In Thailand, and in the UK as part of the burlesque cabaret act Circus Of Horrors, people walk up ladders where the rungs are made from swords or sharp blades as a shocking stunt.Â They do this in their bare feet, and do not seem to bleed at all.Â Perhaps they have very tough skin on their feet that withstands the pressure of the blade, as it is common for the other performers to slice something (in the case of Circus Of Horrors, they use a cucumber to demonstrate how sharp objects are in the stage show) on the blade, thus convincing the audience that the blades of the ladder are extremely sharp. Of course, a cucumber is very soft and would probably slice in half on a blunt blade, so it could also be that the bladesÂ aren'tÂ sharp enough to actually cut the foot.Â Either way, it cannot be very comfortable and it looks very impressive.Â This stunt is reminiscent of the strange fact about snails being able to slide along the edge of a razor blade, as their â€˜slimeâ€™ is actually a yield stress fluid, which creates a sturdier barrier between the snailâ€™s foot and the blade when pressure is applied.Â Perhaps the people who walk up bladed ladders use snail slime to protect their feet?!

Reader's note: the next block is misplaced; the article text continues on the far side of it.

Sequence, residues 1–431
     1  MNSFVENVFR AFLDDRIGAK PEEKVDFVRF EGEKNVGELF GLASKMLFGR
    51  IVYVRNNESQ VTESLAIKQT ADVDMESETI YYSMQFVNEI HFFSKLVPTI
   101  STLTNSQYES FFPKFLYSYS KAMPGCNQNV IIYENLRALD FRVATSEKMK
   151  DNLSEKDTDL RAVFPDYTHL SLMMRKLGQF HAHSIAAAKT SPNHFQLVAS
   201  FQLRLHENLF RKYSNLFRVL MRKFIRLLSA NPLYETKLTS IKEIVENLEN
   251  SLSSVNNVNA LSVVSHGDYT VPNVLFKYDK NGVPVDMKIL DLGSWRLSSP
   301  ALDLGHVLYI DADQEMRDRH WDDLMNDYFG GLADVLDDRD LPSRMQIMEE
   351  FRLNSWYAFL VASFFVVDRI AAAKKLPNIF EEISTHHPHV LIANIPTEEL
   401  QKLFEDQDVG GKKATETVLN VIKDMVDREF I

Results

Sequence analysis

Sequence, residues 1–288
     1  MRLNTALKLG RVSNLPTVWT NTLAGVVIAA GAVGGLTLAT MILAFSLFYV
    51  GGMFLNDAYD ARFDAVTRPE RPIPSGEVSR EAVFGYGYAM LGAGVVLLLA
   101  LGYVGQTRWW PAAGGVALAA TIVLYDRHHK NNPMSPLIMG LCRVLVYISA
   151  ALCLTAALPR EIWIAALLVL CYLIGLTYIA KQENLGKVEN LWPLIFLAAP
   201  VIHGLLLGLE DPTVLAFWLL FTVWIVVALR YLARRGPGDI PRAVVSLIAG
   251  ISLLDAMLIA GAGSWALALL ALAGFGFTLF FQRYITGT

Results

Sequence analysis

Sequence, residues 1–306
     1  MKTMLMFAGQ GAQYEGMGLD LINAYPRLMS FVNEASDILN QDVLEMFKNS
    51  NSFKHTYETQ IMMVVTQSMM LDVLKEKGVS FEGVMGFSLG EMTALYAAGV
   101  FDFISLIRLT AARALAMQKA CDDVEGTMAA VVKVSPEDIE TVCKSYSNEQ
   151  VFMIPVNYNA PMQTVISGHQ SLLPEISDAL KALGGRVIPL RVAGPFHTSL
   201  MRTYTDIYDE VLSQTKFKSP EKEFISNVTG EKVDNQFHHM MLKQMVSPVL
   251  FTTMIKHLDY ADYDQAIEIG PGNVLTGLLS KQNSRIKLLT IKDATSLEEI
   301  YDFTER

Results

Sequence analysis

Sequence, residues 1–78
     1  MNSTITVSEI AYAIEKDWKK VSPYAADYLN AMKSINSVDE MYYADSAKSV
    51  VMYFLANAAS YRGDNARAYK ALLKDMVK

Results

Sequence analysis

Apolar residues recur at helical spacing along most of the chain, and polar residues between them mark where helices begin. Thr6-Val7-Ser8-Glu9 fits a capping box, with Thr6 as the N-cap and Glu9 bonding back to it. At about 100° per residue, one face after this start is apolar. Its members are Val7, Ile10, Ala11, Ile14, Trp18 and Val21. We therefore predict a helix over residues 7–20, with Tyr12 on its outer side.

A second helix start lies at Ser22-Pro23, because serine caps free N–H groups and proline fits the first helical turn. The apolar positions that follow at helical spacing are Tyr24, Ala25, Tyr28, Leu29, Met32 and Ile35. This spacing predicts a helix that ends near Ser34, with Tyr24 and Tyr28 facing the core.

Examples of bespoke ladders in everyday life, meaning the kind with normal rungs rather than swords, can be found in personal libraries, in swimming pools and on boats.Â Access and rescue ladders for boats are often built as custom for the specific vessel and height in the water.Â Another reason they are built as custom is that serious boat owners are the type of people who like to build their own parts where possible, fostering a sense of competition and pride in terms of their abilities to build custom parts for their boats.